The Inquizator: Rita Sklar
Rita Sklar has been the director of the American Civil Liberties Union of Arkansas for 20 years. The New York native has led Arkansans' battle to maintain their rights at the legislature, in the courts and in one-to-one communications. Under her guidance, the ACLU has challenged the new Voter ID law that even its proponents admit is a tool to help Republican candidates, successfully overturned the 12-week abortion ban legislated in 2013 and the state's ban on foster care and adoption by same-sex couples, and fought for free speech and against state-imposed religion in school and at the Capitol.
To do that kind of work for 20 years in Arkansas, you have to have a sense of humor.
Where did you go to college and what was your major?
Which year? I went to one college and three universities over 10 years, and wound up with a major in religious studies and a minor in "how to pay student loans off for the rest of your adult life."
How the heck did a New Yorker like you end up in Arkansas? Are you an Arkansan or a New Yorker now?
Like the traditional woman I am, I followed my man (now ex-man) whither he wentest. I'm a New Arkansan.
Is there anyone you would deny a civil liberty to? Or like to?
Hitler. Really. And maybe whoever came up with the idea of putting TVs in restaurants.
Do you ever regret working for the ACLU and not as a brain surgeon or in a similarly lucrative profession?
I tried brain surgery once. Icky poo!
What was the best piece of advice you ever gave anyone, and did he or she take it, and is he or she grateful?
Never give advice. No and no.
What was the worst piece of advice you ever got?
Follow your dreams.
What do you do now that you never dreamed you would do as a teen-ager growing up in New York?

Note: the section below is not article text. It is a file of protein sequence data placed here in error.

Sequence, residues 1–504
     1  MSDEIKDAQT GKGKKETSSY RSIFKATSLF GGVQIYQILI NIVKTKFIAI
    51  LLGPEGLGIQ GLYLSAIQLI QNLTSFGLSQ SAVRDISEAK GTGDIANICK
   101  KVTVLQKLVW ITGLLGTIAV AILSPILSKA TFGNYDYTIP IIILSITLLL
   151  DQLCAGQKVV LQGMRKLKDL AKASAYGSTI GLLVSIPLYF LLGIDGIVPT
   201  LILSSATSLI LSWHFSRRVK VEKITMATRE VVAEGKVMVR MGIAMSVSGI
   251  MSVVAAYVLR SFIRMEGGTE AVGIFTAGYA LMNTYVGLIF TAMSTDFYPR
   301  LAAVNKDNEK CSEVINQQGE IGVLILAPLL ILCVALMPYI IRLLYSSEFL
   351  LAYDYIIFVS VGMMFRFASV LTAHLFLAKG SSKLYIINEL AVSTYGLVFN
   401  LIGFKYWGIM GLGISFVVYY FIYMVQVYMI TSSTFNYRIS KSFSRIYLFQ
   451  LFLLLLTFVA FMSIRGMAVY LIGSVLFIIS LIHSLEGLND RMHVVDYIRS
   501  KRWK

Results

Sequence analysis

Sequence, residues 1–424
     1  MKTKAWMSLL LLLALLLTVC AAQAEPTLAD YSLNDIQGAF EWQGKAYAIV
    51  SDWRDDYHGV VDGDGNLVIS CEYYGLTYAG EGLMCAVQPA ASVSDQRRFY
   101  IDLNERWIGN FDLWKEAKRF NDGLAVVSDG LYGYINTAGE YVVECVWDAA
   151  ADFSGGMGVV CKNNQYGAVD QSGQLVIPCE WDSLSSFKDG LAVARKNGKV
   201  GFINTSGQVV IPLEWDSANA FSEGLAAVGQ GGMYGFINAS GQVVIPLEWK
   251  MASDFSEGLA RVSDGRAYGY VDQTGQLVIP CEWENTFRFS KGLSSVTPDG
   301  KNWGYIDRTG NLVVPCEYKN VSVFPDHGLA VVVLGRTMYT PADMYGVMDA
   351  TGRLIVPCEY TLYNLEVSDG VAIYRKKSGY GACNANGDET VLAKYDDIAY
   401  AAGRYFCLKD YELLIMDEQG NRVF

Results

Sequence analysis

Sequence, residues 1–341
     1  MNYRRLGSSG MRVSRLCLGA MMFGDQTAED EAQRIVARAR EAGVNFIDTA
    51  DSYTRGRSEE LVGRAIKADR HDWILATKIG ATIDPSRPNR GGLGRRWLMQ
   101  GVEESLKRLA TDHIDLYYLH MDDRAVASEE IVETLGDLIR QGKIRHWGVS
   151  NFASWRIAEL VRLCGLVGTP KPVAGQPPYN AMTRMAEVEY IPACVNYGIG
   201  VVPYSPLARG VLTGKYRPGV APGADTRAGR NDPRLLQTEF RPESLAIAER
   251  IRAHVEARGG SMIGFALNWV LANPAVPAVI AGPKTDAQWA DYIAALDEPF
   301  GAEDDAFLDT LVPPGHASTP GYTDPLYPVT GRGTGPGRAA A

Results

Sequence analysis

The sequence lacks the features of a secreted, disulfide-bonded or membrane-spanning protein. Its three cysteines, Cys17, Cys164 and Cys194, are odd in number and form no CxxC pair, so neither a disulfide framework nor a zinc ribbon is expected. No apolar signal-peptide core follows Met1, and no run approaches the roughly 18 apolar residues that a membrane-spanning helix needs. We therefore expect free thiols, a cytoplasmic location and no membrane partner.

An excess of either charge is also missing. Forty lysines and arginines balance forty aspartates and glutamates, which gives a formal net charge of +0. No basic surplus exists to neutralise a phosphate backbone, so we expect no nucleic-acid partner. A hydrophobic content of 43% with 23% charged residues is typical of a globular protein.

I grow flowers. I kayak and go camping. I go into the woods. I work for the ACLU. And I live somewhere other than New York or Paris.
Have your good looks ever gotten you anywhere?
Who was the most famous person you ever dated?
Bela Fleck. I went to see him play in a bluegrass band in New Jersey. My father was waiting outside with a baseball bat when he dropped me off at 1 a.m. No second date. :-(
Who was the most famous person you ever turned down for a date?
Alexander Godunov, who committed suicide 15 years later.
If you could change one thing about Little Rock, what would it be?
More sidewalks. And more live music venues! That's two.
Do you expect the day will come when you no longer spend a miserable several months at the state Capitol every year? If you do, what will be the first cruise you take?
First of all, I cherish each and every moment I have the honor and opportunity to spend at the state Capitol.
Is there a legislator who you believe will someday ditch the Republican Party and become someone who understands that we the people are the government and that when we help our fellow man, all of us benefit?
I don't understand the question. Everyone in both parties believes that.
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